Maundy Thursday

On Maundy Thursday – the Thursday before Easter – Jesus is said to have celebrated the Last Supper with his disciples. In addition, Judas left the group of disciples to betray Jesus for 30 pieces of silver.

Good Friday

On the night of Good Friday – the Friday before Easter – Jesus was arrested, interrogated and flogged. And the next morning he was sentenced to death on the cross.

On the way to the place of execution, today’s “via dolorosa”, he was mocked and had to carry his own cross to Golgotha. According to tradition, there he was nailed to the cross, where he died.


Easter – the feast of the resurrection of Jesus from the dead – is the highest holiday of the year for Christianity.

The date for Easter goes back to the Council of Nicaea convened by Emperor Constantine in 325. With this a long dispute within Christianity was settled. But the council only decided that all Christians should celebrate Easter together on a Sunday.

The date was not set at that time, as the beginning of spring always fell on another date.

It was not until 200 years later that the monk Dionysius Exigus (470-540) calculated the dates of Easter for the following 90 years.

But only after the introduction of the Gregorian calendar in 1582 was the beginning of spring firmly established on March 21st, and thus Easter Sunday could be clearly determined

Unlike Christmas, for example, Easter is not a fixed day of the year, but is celebrated in the western church on the first Sunday after the first full moon after the beginning of spring.

So the earliest date for Easter is March 22nd and the latest April 25th.

But only in 2038 will Easter fall on April 25th.


The former town of Nicäa was located near today’s İznik – around 90 km southeast of Istanbul in Turkey.


marches Easter marches have been held annually at Easter in a number of German cities since the early 1960s.

Its origins go back to British opponents of nuclear weapons in the 1950s.

In Berlin, the Berlin closing event of the Easter March 2016 took place on Oranienplatz in Berlin-Kreuzberg. It was a typical Easter march rally.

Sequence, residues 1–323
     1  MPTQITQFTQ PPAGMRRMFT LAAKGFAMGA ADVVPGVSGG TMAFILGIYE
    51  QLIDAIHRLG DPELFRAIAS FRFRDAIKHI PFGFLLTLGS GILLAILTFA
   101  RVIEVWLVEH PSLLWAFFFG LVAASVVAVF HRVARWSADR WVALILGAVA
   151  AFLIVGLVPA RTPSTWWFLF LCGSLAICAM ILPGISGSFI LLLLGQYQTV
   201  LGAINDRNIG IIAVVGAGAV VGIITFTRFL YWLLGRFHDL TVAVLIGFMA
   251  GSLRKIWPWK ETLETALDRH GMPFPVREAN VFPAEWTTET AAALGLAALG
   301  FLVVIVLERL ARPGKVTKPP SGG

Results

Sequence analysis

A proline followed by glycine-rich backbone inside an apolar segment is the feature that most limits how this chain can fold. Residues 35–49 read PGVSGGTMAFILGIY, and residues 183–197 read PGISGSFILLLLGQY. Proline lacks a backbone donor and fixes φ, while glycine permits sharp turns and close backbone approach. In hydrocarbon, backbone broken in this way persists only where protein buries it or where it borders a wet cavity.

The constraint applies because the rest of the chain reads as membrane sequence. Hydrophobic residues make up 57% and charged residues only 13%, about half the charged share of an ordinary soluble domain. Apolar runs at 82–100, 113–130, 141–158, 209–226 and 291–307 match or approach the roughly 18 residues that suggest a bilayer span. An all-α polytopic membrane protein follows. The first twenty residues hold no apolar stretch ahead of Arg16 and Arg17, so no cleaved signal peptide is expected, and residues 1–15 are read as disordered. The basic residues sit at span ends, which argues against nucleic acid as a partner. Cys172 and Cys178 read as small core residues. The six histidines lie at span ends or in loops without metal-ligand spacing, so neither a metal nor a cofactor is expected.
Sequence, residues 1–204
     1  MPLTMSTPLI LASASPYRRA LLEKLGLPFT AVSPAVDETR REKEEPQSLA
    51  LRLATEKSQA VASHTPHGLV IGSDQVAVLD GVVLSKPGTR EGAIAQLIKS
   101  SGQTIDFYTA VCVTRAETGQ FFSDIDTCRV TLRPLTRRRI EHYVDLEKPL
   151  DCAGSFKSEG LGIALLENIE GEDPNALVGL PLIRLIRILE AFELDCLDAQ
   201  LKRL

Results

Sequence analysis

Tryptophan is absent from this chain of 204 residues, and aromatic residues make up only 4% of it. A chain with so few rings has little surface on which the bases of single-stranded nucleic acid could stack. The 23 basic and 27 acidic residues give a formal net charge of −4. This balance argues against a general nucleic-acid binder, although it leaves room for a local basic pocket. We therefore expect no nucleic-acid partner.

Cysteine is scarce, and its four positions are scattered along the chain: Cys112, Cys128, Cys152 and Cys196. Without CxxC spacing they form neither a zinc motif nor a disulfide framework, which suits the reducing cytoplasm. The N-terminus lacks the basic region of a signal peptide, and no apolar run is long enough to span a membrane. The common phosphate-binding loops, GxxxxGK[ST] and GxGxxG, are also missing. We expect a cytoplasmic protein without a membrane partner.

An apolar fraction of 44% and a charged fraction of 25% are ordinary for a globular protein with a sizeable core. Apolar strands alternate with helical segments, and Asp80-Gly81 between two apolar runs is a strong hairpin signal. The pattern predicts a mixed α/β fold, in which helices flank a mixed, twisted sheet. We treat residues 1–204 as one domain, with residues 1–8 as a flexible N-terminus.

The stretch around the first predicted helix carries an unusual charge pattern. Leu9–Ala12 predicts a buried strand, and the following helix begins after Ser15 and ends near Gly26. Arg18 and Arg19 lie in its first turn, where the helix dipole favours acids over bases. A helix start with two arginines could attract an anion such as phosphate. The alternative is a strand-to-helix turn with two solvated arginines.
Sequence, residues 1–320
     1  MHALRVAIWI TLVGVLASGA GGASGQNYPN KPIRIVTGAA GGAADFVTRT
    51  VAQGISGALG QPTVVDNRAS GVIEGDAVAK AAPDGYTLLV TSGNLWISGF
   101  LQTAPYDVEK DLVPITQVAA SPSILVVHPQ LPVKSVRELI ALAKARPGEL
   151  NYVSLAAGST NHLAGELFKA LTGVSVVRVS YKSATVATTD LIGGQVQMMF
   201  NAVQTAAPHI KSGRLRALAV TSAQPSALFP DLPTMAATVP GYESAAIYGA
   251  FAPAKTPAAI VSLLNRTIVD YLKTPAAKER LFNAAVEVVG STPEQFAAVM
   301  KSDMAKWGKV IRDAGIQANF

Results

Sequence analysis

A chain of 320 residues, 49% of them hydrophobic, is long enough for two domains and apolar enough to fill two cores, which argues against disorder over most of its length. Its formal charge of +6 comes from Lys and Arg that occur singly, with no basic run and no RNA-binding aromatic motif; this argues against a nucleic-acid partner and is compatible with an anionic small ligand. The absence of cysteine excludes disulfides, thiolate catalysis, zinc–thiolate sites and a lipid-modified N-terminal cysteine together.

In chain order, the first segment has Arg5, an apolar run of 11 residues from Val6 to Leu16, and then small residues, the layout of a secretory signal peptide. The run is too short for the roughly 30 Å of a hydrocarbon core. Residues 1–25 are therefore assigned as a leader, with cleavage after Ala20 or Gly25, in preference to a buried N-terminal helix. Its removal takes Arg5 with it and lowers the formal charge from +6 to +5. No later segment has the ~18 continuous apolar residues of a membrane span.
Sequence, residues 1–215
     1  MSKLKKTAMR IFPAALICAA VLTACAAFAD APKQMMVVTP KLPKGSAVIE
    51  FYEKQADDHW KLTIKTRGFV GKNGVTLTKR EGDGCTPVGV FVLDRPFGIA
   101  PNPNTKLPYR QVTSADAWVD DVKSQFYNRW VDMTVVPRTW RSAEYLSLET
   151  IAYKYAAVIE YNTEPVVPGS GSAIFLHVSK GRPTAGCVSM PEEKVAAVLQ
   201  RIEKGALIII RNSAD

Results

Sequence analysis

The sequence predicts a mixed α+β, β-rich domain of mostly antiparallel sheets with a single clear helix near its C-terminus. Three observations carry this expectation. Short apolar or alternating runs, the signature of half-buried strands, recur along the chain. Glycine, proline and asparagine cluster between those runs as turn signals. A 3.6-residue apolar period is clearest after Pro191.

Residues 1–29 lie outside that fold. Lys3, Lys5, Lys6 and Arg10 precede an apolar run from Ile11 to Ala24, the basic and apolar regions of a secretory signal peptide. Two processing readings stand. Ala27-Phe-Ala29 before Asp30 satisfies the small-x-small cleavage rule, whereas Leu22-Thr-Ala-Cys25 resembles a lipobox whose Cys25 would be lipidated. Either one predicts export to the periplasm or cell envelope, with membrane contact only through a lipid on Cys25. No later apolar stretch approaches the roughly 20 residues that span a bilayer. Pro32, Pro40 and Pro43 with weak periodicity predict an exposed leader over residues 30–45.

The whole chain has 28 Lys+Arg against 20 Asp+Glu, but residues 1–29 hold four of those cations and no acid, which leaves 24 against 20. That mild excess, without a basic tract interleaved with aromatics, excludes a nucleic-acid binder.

The speakers and demonstrators turned against German arms deliveries, the US bombing in Syria and the use of drones.

The western war in Libya, Iraq and Afghanistan was also heavily criticized.

The terror in Paris and Brussels or that of the IS in Iraq or Syria, on the other hand, was less discussed.

Walpurgis Night

The Walpurgis Night is celebrated mainly by women on the night before May 1st, the day of Saint Walpurga.

According to old folk beliefs, witches ride brooms that night and meet for the devil cult and dance on the Blocksberg on the Brocken in the Harz Mountains.

1st of May

The first of May is a public holiday as “Labor Day” in Germany, Austria, parts of Switzerland and in many other countries.

The origins of this “workers’ day” go back to a strike movement in the USA, when it called for a general strike on May 1st in early 1886 in the struggle for the eight-hour day – in memory of the demonstration on May 1st, 1856 in Australia, where back then an eight-hour day was required.

Attempts to fix May 1st as a public holiday in Germany after World War I failed because of the political right. Strangely enough, it became a public holiday under the National Socialists as early as 1933. From 1934, the rulers made the day the “National Holiday of the German People” and celebrated it with national pathos.

After the Second World War, the Allied Control Council approved the day as Labor Day in 1946 – albeit with a restricted permission to demonstrate.

Folk song

But May is more than just May 1st – it is the month of the awakening and blossoming of nature and the month of lovers – in short, the “happy month”.

The following song was composed by Christian Adolf Overbeck (1755-1821) from Lübeck in 1775 and set to music by Wolfgang Amadeus Mozart (1756-1791) in 1791: